If you are over 70½ you want to make contributions from your retirement accounts using QCD – Qualified Charitable Distributions. I wrote about this a year ago. You get the full tax benefit of donations when you make them from your retirement account. You get no tax benefit from donations from your checking account because you will – almost certainly – use the $13,500 Standard Deduction per individual on your tax return; you won’t itemize donations on Schedule A as a deduction from income. This post describes the mechanics Patti and I follow for making donations from our retirement accounts.
== The Tax Benefit of QCD ==
Failure to use QCD is a big mistake. Here is an example of the wrong way to donate when you are over 70½ and subject to RMD. In this example, Patti and I receive no tax benefit from a $5,000 donation.
Here is the right way. In this example the $5,000 of QCD results $1,100 lower taxes. Using QCD gave 22 cents back on each dollar donated. Failure to use QCD is the same as throwing away 22 cents of every dollar donated.
== Donating from our 2019 SSA using QCD ==
I describe these steps, since my brain struggled a bit with the cash flow implications when we first did this.
This is the time of year that Patti and I decide the amount we will donate to each charity and the total. Our spending tends to decrease in the fall. Our monthly deposits from our nest egg continue into our checking account. Our checkbook balance increases. Let’s assume we think $5,000 will be available in December for donations to charities.
I also have a good handle on what our Safe Spending Amount (SSA) will be for 2020; unless the market goes crazy UP in the next five weeks – our Recalculation uses returns for the 12 months ending November 30 – it will be our 2019 SSA increased for inflation. That’s the Social Security cost of living adjustment recently announced: 1.6% for 2020. Let’s assume our 2020 SSA will be about $56,000 net after withholding taxes.
How do I correctly donate before year end and wind up with $56,000 in cash – money market; CDs or short-term bonds – at the end of December? That’s the money I’ll use for monthly deposits in our checking account in 2020.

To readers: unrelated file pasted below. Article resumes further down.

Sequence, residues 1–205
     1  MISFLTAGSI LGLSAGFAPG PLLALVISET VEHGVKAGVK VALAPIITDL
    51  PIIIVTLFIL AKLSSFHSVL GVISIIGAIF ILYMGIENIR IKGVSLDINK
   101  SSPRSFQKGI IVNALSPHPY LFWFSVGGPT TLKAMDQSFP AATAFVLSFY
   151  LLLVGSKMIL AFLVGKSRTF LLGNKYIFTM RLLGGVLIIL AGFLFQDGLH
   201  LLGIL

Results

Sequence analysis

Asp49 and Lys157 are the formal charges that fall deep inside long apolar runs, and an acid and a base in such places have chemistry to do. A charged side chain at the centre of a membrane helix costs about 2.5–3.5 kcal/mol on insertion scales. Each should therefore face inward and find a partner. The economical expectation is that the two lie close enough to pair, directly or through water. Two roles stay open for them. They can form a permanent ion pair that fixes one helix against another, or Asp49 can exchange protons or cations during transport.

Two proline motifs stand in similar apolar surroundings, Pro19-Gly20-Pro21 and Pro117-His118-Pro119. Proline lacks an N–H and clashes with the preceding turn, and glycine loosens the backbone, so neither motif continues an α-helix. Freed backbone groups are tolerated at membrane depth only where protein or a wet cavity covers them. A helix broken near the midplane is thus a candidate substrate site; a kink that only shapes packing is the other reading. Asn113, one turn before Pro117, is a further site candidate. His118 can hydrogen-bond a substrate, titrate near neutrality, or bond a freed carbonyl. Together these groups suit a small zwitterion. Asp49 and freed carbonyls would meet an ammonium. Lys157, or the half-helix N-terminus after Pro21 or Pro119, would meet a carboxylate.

I don’t donate from what’s left of our 2019 SSA from our bank checking account. I sell securities in our retirement account and donate $5,000 as QCD. I also sell $51,000 of securities from our retirement accounts and from our taxable accounts that goes to our 2020 SSA. The $56,000 SSA for 2020 in cash by the end of December is $5,000 from what’s left over from 2019 + $51,000 new.
== Detailed Mechanics of check writing ==
Patti and I have our retirement accounts at Fidelity, and it is simple to make donations directly from our retirement accounts. I’ll assume your brokerage house offers the same check-writing privileges.
1. We each implemented check writing on an IRA account. Fidelity asks us to select the withholding amount they will send to the IRS when we write a check. Since all these checks would be for QCD, we picked 0%. We each have a book of checks.
2. We sell $5,000 of securities to make sure we have that in cash when the checks are cashed.
3. We decide on the charities and amounts. We decide which one (or both) will write QCD checks. We write and mail the checks. I’d like to use BillPay – store the name and address of each payee, cycle through and enter our donation amount, and have Fidelity mail the checks, but I can’t do that yet.
4. I need to keep the normal receipts for donations for my tax records. I need to make sure I tell my tax preparer our total QCD donations: Fidelity does not report that on the year-end 1099-R statements of distributions from IRAs.
== I can ask Fidelity to write and send the checks ==
If I have just a few donations, Fidelity will take the names and addresses over the phone and mail the checks. (That sounds too time consuming to me.) I can also use a QCD Withdrawal Form and have Fidelity write and mail the checks, but this is cumbersome. The form requires a Medallion Signature Guarantee that my bank does not provide; I would have to take the form to our local Fidelity investment center and have them provide that guarantee to itself.
Conclusion: You need check-writing privileges on your IRA account for donations you will make when you are over age 70½. You make donations from your IRA account to gain the full tax benefit of your donation. You no longer make charitable donations out of your checking account; if you do that, you are almost certainly throwing money away – paying taxes you do not need to pay.